Once we turn the string into a list, we can call
sort() on it.
def is_unique2(s): s_as_list = [char for char in s] s_as_list.sort()
Now, we can loop through the list. We'll compare each letter to the last, and we can do this in a couple of ways. We can iterate over each index, starting at index 1 (if it exists) until the end, or, if we're not keeping track of the index, we can save the previous letter to a variable. We can initialize it to an empty string.
prev = "" for letter in s_as_list:
For each iteration, we want to do one of two things:
- If the character is the same as the previous one, return False.
- Otherwise, make that character the new previous character.
We can turn this into an
if statement. I'm using the variable name
letter instead of
char just so we don't confuse it with where we used it earlier, when we made the string into a list.
prev = "" for letter in s_as_list: if letter == prev: return False else: prev = letter
Finally, if the
for loop was executed successfully without finding a match, we'll return True outside of the loop. Altogether:
def is_unique2(s): s_as_list = [char for char in s] s_as_list.sort() prev = "" for letter in s_as_list: if letter == prev: return False else: prev = letter return True
Time Complexity for Method Using Sort
The complexity of our method depends on the time complexity of Python's
.sort() method. Python uses Timsort, which is a hybrid between a merge and insertion sort, if you're familiar with those. The average and worst case complexity is O(N log N). Additionally, we loop through the list N times, although we neglect this since O(N log N) is larger. However, since we have to make a new list to sort the string, we no longer fill the requirement that additional data structures cannot be used.
Even More Optimal Time Complexity: Use a Dictionary
Let's throw out the "no additional data structures" rule altogether. What solution could we come up with? In Cracking the Coding Interview, the first solution suggests using an array of length 128, the lenght of the Unicode alphabet. However, if you've used Python once or twice, by now you probably know to use a dictionary.
In our third week, we used the Python library default dictionary. If you remember,
defaultdict allows us to set a default type for values contained in a dictionary, so if we call a key that doesn't exist, it will give us the falsey version of that type. This saves us the hassle of having to check if a key is in the list first before checking its value. We can set our dictionary
dd to type
bool so that the default value is always False.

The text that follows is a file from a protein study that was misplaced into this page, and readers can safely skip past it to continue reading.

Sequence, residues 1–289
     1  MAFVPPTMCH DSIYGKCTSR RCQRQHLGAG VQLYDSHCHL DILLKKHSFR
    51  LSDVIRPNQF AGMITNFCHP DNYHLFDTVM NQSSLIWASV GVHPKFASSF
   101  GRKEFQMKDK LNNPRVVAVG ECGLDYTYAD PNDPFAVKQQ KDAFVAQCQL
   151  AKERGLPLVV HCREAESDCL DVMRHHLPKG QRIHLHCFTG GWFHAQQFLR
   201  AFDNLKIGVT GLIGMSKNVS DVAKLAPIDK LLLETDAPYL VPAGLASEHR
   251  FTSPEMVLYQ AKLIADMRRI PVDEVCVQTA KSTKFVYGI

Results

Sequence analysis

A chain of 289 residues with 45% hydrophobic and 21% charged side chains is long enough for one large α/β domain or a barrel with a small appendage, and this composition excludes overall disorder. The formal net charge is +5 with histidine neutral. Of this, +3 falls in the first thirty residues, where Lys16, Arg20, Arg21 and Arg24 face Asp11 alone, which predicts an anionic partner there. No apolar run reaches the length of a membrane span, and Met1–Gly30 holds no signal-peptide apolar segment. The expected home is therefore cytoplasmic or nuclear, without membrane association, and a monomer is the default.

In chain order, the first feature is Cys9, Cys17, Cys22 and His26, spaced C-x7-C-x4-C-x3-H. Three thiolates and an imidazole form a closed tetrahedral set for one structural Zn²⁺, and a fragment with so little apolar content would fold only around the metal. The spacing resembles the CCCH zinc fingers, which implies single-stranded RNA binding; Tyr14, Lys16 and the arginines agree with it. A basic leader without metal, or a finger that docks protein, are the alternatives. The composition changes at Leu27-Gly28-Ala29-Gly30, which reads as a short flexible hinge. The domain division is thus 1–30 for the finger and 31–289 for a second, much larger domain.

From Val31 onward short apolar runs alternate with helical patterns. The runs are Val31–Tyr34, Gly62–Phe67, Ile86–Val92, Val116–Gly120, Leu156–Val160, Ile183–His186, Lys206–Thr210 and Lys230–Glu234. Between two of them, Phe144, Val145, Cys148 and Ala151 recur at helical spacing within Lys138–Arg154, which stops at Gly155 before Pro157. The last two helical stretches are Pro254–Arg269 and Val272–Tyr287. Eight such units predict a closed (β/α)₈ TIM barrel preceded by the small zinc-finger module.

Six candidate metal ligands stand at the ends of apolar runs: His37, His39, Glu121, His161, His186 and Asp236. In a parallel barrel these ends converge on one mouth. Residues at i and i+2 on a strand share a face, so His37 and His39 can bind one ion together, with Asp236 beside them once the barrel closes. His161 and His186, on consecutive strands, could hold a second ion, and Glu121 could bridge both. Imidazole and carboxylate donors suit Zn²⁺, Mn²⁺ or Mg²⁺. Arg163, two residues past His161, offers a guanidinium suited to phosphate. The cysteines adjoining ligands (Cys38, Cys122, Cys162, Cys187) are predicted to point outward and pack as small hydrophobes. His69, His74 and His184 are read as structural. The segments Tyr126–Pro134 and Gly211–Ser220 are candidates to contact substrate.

from collections import defaultdict def is_unique3(s): dd = defaultdict(bool)
Next, let's write the
for loop. We'll iterate over every character in the string, and if its value is not False, meaning that character has been seen before, we'll return False. Otherwise, we'll set the dictionary value at that character to be True.
for char in s: if dd[char]: return False dd[char] = True
Finally, we'll return True outside of the loop if every character appears only once. Altogether:
dd = defaultdict(bool)
for char in s:
dd[char] = True
Time Complexity for the Dictionary Method
What is our time complexity? We loop through the list N times, and it takes O(1) to access each item in the dictionary, so our complexity is O(N), even better than our previous approach. However, now we have a dictionary in our storage that wasn't there before. You'll find that time and space are tradeoffs when it comes to computer science, and making the best decision depends on the situation.
That's all for today, see you next week! If you have questions, or any ideas for what problem to tackle next, feel free to leave a comment.
<< Week 4: Binary Search | View Solution on Github | Week 6: Misc 3 >>
Sheamus Heikkila is formerly a Teaching Assistant at General Assembly Seattle. This blog is not associated with GA.
Top comments (2)
Awesome article! Here's a performance golf challenger. O(1) space complexity and O(n) runtime complexity like the dictionary solution, but it avoids the setup cost and hashing cost of a dictionary. It'll be a lot faster if we're checking many small strings. This is biased towards more bare-bones languages like C/++, but should work well for Python too. Of course, it assumes ASCII strings - the same solution for unicode would require too much space and a dictionary would be faster in that case.
Another approach, throwing out the "no other data structures" rule, is to strip the string down to letters-only, convert to a set, and compare lengths: